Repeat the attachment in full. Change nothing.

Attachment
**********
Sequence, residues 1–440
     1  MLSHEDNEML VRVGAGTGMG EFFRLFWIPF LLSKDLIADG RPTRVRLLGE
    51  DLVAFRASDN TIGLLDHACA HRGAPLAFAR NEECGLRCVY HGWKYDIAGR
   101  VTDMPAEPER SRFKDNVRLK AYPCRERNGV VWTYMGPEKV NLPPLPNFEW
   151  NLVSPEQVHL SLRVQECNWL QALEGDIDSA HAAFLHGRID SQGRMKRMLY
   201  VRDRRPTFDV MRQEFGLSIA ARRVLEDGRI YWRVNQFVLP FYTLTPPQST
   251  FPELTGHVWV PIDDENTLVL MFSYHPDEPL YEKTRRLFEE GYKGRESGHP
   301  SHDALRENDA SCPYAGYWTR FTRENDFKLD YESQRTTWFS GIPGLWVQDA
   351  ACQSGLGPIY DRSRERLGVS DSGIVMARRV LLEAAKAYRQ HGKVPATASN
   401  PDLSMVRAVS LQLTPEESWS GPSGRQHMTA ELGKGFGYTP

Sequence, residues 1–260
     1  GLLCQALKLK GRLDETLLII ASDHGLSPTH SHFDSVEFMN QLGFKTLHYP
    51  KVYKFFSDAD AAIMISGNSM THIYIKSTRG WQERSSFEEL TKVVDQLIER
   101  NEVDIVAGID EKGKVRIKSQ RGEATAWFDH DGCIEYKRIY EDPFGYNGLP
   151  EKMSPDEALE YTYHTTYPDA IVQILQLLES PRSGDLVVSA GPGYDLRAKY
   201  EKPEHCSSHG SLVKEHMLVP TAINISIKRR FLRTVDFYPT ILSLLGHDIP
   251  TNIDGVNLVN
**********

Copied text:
Sequence, residues 1–440
     1  MLSHEDNEML VRVGAGTGMG EFFRLFWIPF LLSKDLIADG RPTRVRLLGE
    51  DLVAFRASDN TIGLLDHACA HRGAPLAFAR NEECGLRCVY HGWKYDIAGR
   101  VTDMPAEPER SRFKDNVRLK AYPCRERNGV VWTYMGPEKV NLPPLPNFEW
   151  NLVSPEQVHL SLRVQECNWL QALEGDIDSA HAAFLHGRID SQGRMKRMLY
   201  VRDRRPTFDV MRQEFGLSIA ARRVLEDGRI YWRVNQFVLP FYTLTPPQST
   251  FPELTGHVWV PIDDENTLVL MFSYHPDEPL YEKTRRLFEE GYKGRESGHP
   301  SHDALRENDA SCPYAGYWTR FTRENDFKLD YESQRTTWFS GIPGLWVQDA
   351  ACQSGLGPIY DRSRERLGVS DSGIVMARRV LLEAAKAYRQ HGKVPATASN
   401  PDLSMVRAVS LQLTPEESWS GPSGRQHMTA ELGKGFGYTP

Sequence, residues 1–260
     1  GLLCQALKLK GRLDETLLII ASDHGLSPTH SHFDSVEFMN QLGFKTLHYP
    51  KVYKFFSDAD AAIMISGNSM THIYIKSTRG WQERSSFEEL TKVVDQLIER
   101  NEVDIVAGID EKGKVRIKSQ RGEATAWFDH DGCIEYKRIY EDPFGYNGLP
   151  EKMSPDEALE YTYHTTYPDA IVQILQLLES PRSGDLVVSA GPGYDLRAKY
   201  EKPEHCSSHG SLVKEHMLVP TAINISIKRR FLRTVDFYPT ILSLLGHDIP
   251  TNIDGVNLVN